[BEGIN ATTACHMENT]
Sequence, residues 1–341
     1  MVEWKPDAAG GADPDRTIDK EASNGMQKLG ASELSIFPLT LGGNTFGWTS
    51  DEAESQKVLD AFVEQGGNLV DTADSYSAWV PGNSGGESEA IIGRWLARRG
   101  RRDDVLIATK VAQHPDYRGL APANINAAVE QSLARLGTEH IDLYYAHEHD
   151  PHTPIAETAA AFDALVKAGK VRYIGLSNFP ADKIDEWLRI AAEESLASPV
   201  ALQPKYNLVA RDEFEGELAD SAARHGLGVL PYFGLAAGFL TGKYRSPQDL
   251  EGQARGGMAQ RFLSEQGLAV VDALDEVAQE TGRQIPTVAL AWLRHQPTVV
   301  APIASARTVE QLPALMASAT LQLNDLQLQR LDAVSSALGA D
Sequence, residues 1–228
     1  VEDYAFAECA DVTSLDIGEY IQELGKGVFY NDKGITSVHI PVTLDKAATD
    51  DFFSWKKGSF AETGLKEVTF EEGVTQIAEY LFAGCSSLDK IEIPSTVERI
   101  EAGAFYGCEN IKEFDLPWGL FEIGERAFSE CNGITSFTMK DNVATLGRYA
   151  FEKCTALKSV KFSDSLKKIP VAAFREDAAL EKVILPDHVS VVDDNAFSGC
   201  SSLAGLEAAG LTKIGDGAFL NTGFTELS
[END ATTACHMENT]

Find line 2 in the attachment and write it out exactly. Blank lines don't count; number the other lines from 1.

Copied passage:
     1  MVEWKPDAAG GADPDRTIDK EASNGMQKLG ASELSIFPLT LGGNTFGWTS